Endometriosis – My Invisible Illness by Allyson Thomas

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Dealing with an invisible illness is very difficult, especially when you are still in school. You get bullied, lose friendships, and grades suffer. It’s frustrating, and for me, I felt like I was losing everything. People thought I was making it up to get out of going to school. My invisible illness is endometriosis.

The summary of it, according to the Mayo Clinic, describes it as:

“an often painful disorder in which tissue similar to the tissue that normally lines the inside of your uterus — the endometrium — grows outside your uterus.”

Many women say it’s the worst pain ever. It has personally kept me from doing many things. The worst part is that they have no cure for it yet.

Dealing with an invisible illness is very difficult, especially when you are still in school. You get bullied, lose friendships, and grades suffer. It’s frustrating, and for me, I felt like I was losing everything. People thought I was making it up to get out of going to school. My invisible illness is endometriosis.

Growing up with endometriosis involved many trips to doctors and hospitals for pain. I felt like a trial and error guinea pig, bouncing from doctor to doctor. Because I was still so young, they tried many other diagnoses before finally concluding that it was, in fact, endometriosis. It caused my mom to miss work for my appointments, and we had meetings at school because I was missing so many classes. On days where I did try to go to school, I’d end up calling her to come to get me because I was in a lot of pain again.

Another hard part about this whole situation was my dad didn’t believe anything was wrong. My parents are divorced, so he would call and tell me how I’m messing up my life by skipping school. Then he would give my mom a hard time about allowing that to happen. My brothers would do the same.

Being a teenager is already hard enough, and this just added to it. You naturally want friends and want to be included. This really held me back from that. I found myself in a deep depression. After leaving school, I would stay holed up in my room. I felt like I had failed myself and my mom, and that was the worst feeling.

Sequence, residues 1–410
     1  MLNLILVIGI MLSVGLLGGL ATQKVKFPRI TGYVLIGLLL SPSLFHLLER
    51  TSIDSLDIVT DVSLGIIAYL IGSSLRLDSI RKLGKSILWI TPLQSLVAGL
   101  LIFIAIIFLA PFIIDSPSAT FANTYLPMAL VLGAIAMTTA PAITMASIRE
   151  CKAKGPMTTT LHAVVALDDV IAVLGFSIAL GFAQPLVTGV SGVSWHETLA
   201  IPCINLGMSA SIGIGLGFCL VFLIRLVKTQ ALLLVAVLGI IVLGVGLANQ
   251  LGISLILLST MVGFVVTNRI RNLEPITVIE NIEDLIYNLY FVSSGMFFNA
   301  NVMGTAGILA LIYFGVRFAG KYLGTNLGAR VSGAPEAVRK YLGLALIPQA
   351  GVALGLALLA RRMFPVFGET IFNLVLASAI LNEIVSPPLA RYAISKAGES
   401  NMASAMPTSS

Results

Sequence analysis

Once I was diagnosed correctly, we were able to proceed with surgery to clean out the worst of it, I took some online classes and started getting on with my life. Surgery is only a temporary fix, but it helps for a couple of years. I still battle with it to this day, and it does get awful, but at least I know what it is.

I wish I could go back and redo that part of my life, but I also am happy and proud of how I bounced back from that experience. I do wish I would have gotten involved in something just to have a social life. I believe that would have made things mentally easier on myself. I also feel like it made me have more of an open mind to what others may be going through, even if you can’t see it.

An invisible illness can feel like a life-sentence to missing out on a lot. My family believed that if you are too sick to go to school, then you are too ill for anything else. I was inside a lot, and eventually, that became my choice. The depression brought on by initially not knowing what I had going on inside my body.

If you have a child that has an invisible illness or is going through something similar, please don’t let them feel alone. I know I wasn’t, and my mom really did her best, but depression can really make you feel alone even if you do have the best support system. My depression went out of control, and thinking of those days still really hurts because I don’t ever want my daughter to feel like that.

If they miss a lot of school days or you see subtle signs of your child being bullied, consider other options for education. In my experience, I had missed so much school that it was not just hard to try to go back, it became impossible to go back not only because of the work I had missed but also because I felt alone. My illness cost me friendships.

Any illness has a learning curve. You learn to manage it and find a way to get back on track. I still have my bad days, but I also handle those better and know when to listen to my body.

Some relationships have been mended, and others had to be cut off because when you’re dealing with something, and they don’t want to understand, it only hurts you. If you have a child going through something tough, don’t be afraid to keep them away from someone if they are only making them feel wrong about whatever it may be.

My best piece of advice is don’t get discouraged. You need to keep going to feel better no matter what the battle may be against. I let this beat me for a while, and I was accomplishing nothing. That only made me feel worse. I used it as an excuse to get out of things. Then I felt crappy about it. I’m not saying pushing anyone to their breaking points. Just don’t let it run your life, your kids’ life, or keep them from dreams.

By Allyson Thomas

Allyson lives in Michigan with her wonderful family. She enjoys nature hikes, reading, and learning new things. Her goal is to inspire, motivate, and help others with positive blog posts.